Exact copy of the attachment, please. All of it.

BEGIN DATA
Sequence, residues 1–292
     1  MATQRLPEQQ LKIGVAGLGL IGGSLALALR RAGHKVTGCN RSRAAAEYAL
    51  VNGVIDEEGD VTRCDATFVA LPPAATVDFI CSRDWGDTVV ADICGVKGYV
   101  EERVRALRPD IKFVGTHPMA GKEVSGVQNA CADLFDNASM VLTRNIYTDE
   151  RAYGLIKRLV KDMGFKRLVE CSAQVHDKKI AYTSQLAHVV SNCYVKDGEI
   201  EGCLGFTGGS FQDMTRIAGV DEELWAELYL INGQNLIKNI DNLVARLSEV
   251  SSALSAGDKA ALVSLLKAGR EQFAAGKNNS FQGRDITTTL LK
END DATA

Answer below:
Sequence, residues 1–292
     1  MATQRLPEQQ LKIGVAGLGL IGGSLALALR RAGHKVTGCN RSRAAAEYAL
    51  VNGVIDEEGD VTRCDATFVA LPPAATVDFI CSRDWGDTVV ADICGVKGYV
   101  EERVRALRPD IKFVGTHPMA GKEVSGVQNA CADLFDNASM VLTRNIYTDE
   151  RAYGLIKRLV KDMGFKRLVE CSAQVHDKKI AYTSQLAHVV SNCYVKDGEI
   201  EGCLGFTGGS FQDMTRIAGV DEELWAELYL INGQNLIKNI DNLVARLSEV
   251  SSALSAGDKA ALVSLLKAGR EQFAAGKNNS FQGRDITTTL LK